[cont’d] Scene 26 — Rooftop — Ling, Lan Fan, Gluttony, Bradley
ランファン：貴様独特の気 、 どこまでも追えるぞ。
(Rin: Kimi, kawatta nakami shiteru nee.)
君 (kimi): is a masculine second-person, singular pronoun. The lack of a case particle is because it is in the vocative case. The vocative marks the person or thing the statement is directed towards. It has a zero-particle, or intentional lack of a particle, to mark it.
変わった (kawatta): is the indicative, past, affirmative conjugation of the verb “to be different.” It is used to modify nouns idiomatically as “peculiar.”
中身 (nakami): is a noun meaning “interior,” in this case referring to his insides.
してる (shiteru): is the truncated periphrastic progressive indicative, imperfective, affirmative conjugation of the verb “suru.” So the periphrastic progressive is the “V(gerund) + iru” construction, where the copula “iru.” becomes the governing verb. This provides progressive aspect, which is in English the “to be X-ing” perspective on time, something happening over a tangible length of time. The truncation comes from the fact the /i/ in “shite iru” dropped out. This is very common in Japanese. The use of “suru” here is probably in the vein of its meaning “to don” or “to wear,” as in “to have something on you.”
ねぇ (nee): is the enlongation of the dubitative ending suffix.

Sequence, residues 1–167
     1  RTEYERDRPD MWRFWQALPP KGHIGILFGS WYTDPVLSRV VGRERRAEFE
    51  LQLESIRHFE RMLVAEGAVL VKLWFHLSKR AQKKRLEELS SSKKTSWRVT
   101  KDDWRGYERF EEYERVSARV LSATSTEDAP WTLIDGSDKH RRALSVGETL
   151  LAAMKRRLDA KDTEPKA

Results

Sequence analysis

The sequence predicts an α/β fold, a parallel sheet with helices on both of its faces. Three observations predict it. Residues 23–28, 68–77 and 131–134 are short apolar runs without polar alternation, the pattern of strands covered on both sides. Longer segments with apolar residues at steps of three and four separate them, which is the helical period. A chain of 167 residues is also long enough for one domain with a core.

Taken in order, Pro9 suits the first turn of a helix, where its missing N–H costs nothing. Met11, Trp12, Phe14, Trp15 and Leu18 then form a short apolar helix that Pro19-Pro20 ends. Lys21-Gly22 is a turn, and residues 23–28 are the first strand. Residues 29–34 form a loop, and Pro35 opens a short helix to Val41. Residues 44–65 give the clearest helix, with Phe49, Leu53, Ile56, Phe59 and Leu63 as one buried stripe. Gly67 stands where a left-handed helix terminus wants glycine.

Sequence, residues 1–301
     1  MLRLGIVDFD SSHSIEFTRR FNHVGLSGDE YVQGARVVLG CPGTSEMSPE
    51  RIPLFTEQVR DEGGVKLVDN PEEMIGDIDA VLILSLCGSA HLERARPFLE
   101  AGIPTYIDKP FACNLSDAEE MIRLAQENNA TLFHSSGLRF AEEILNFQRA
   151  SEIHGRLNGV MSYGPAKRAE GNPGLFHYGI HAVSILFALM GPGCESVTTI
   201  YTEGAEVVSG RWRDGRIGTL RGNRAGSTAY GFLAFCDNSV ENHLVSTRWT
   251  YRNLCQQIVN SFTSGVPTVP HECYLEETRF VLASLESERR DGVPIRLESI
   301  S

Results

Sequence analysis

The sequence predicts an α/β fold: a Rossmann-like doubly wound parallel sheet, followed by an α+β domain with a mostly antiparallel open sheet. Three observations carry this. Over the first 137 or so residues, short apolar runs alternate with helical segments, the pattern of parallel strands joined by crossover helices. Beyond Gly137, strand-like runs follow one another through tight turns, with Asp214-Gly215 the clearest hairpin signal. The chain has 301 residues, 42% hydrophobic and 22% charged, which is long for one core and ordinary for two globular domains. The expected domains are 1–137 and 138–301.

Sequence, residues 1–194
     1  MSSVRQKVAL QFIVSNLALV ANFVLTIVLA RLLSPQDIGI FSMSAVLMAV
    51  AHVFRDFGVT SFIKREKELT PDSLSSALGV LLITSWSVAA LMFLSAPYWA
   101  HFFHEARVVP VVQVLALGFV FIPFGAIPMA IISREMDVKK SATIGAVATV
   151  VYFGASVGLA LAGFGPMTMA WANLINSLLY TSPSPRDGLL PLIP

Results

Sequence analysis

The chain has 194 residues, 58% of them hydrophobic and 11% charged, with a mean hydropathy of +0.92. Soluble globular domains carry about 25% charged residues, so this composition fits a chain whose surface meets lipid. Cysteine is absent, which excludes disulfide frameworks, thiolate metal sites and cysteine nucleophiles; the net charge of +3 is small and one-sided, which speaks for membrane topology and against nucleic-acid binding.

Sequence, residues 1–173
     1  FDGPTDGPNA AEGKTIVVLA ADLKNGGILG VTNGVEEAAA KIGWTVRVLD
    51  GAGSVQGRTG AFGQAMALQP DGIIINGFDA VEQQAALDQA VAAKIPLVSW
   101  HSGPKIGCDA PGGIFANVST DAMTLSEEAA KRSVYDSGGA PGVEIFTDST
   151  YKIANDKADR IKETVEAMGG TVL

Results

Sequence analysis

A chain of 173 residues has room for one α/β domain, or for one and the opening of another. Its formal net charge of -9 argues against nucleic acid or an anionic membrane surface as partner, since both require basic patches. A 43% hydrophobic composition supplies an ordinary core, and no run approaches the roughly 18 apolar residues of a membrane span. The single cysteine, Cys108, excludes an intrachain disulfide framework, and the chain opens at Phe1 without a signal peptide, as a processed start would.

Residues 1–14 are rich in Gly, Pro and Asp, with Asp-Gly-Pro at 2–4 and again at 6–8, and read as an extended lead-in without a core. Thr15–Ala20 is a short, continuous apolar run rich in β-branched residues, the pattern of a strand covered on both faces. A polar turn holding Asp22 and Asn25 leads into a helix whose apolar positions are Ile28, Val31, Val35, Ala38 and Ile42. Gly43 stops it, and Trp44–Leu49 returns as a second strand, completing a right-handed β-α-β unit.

Translation: “Ling: You, [you] have a peculiar interior, right?”
(Rin: Naka ni nan-nin iru no ka na.)
中 (naka): is a noun meaning “middle” or “inside.”
に (ni): is the dative particle. The dative case marks an object of the verb (it can be indirect or direct, depending on the verb) or the location or the time of an action. In this case, it marks the location.
何人 (nan-nin): is a noun meaning literally “what people?,” which makes more sense when you realize it is in the form of a counter, and that the “nan” is in the place of a pronoun. This means “how many people?” There is no case particle here because it dropped out. It would be “ga,” the nominative particle. The nominative case’s main function is to mark the subject of the verb.
いる (iru): is the copula. This copula is used in reference to animated things. “aru” tends to be used in reference to inanimate things.
の (no): is the substantivizing suffix. This syntactically makes the whole preceding verb phrase a noun phrase. If one wants to translate this lexically, one can say “[it] is that X.” We don’t recommend doing this too often because it does not sound right in English.
か (ka): is the interrogative ending particle.
な (na): is the dubitative ending particle.
Translation: “Ling: How many people are inside, I wonder.”
誰 (dare): is an interrogative pronoun meaning “who?”
Translation: “Gluttony: Who?”
(Ranfan: Nigete mo muda da.)
逃げて (nigete): is the gerund, or Te-form, of the verb “nigeru,” meaning “to escape.” The gerund in this case is conditional, “If [you] escape…”
も (mo): is the secondary particle, meaning “too” or “even.”
ムダ (muda): is a noun meaning “futile” or “useless.”
だ (da): is the copula.
Translation: “Lan Fan: Even if [you] escape, [it] is useless.”
ランファン：貴様独特の気 、 どこまでも追えるぞ。
(Ranfan: Ki-sama dokutoku no ki, dokodemo oeru zo.)
貴様 (ki-sama): is a very anime-ish second-person singular pronoun. Individually, both “ki” and “sama” are honorific suffixes, but here they are very casual. There is an omitted genitive particle following this.